DIRECTOR: Sébastien Lifshitz | WRITERS: Stéphane Bouquet, Sébastien Lifshitz | CAST: Stéphanie Michelini, Yasmine Belmadi, Edouard Nikitine, Josiane Stoléru, Corentin Carinos | France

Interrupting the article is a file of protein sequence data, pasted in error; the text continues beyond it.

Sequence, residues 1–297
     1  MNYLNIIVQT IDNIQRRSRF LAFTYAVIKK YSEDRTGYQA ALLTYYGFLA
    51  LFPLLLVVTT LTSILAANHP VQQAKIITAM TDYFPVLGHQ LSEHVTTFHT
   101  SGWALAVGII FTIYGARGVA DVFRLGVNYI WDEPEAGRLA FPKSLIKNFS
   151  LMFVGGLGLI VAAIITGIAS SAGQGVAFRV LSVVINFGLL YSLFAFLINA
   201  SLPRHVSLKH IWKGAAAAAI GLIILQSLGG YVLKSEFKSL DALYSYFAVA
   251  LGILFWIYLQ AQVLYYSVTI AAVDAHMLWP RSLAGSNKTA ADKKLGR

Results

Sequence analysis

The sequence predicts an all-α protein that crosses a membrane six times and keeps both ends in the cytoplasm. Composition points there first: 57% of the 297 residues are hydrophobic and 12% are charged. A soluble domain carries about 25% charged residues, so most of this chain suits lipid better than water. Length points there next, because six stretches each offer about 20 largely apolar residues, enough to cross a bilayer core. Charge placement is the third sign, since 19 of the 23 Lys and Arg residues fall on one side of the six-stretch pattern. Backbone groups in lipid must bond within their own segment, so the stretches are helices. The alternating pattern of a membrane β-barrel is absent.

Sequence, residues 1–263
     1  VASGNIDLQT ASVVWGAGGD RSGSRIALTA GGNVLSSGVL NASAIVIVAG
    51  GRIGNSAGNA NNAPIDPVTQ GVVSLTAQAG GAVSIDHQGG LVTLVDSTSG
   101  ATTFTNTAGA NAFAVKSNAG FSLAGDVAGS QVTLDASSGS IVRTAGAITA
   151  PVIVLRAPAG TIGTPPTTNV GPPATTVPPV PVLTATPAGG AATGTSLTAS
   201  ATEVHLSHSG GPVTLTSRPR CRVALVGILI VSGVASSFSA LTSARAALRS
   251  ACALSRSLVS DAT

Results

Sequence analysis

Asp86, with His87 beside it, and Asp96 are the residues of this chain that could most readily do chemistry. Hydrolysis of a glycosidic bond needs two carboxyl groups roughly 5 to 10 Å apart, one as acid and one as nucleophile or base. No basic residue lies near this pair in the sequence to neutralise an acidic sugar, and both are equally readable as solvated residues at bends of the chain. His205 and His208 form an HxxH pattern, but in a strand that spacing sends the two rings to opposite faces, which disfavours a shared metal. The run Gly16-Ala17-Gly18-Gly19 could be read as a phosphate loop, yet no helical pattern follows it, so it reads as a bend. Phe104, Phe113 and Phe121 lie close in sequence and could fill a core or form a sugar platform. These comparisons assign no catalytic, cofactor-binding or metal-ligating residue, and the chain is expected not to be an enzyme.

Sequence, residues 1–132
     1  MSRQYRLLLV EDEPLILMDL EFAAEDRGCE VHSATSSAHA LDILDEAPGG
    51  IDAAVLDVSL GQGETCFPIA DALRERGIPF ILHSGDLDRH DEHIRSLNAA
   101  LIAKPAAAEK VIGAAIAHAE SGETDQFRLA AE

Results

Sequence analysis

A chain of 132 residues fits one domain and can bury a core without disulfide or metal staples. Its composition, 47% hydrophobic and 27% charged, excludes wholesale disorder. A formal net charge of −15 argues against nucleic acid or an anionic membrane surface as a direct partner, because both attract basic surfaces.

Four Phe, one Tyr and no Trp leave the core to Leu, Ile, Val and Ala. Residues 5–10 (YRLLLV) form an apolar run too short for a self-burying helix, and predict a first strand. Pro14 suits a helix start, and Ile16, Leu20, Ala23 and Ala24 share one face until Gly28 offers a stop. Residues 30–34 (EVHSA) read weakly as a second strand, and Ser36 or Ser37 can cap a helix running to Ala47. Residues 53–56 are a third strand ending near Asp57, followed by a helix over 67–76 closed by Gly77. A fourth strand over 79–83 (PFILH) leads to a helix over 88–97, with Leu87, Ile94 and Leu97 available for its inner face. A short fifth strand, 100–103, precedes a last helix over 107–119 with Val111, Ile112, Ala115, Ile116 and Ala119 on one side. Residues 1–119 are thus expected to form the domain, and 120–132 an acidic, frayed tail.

Sébastien Lifshitz’s Wild Side follows Stéphanie (Stéphanie Michelini), a 30-ish Parisian pre-op transexual prostitute, as she returns to the bleak northern French countryside where she grew up in order to take care of her terminally ill mother. Through flashbacks we piece together that Stéphanie left school and her hometown 15 years before and has never looked back, but she’s now given to melancholy reflections on her past and the boy she was (her mother still calls her Pierre). She’s soon joined by her two lovers, outsiders like herself, with whom she’s created a stable — and loving — alternative family: Mikhail (Edouard Nikitine), a bisexual Russian Army deserter who is deeply troubled by his experiences in Chechnya, and Djamel (Yasmine Belmadi), a young French Arab from a grimy suburb who turns tricks in railway station toilets. Lifshitz’s depiction of this ménage à trois — Mikhail and Djamel are also involved with each other — is respectful, but cool and detached, as is the movie as a whole, and there’s a frankness to the frequent sex scenes (with johns, with each other) that is refreshingly neither lurid nor degrading: this is what these people do and we’re not asked to sit in judgment. The few sequences that might have been milked for more emotional fireworks — Mikhail wanting to hear Stéphanie speak in her male voice, Stéphanie’s unannounced visit to her schoolyard crush, now a married man with children — are underplayed to great effect, but they fail to jolt some life into the movie. Wild Side may have the laid back cool of the Lou Reed song from which it borrowed its title, but it lacks the trashy allure of Warhol’s Factory that the song celebrates; what stands out in my mind instead is Lifshitz’s controlled equanimity and Agnès Godard’s gorgeously understated and always pitch perfect cinematography.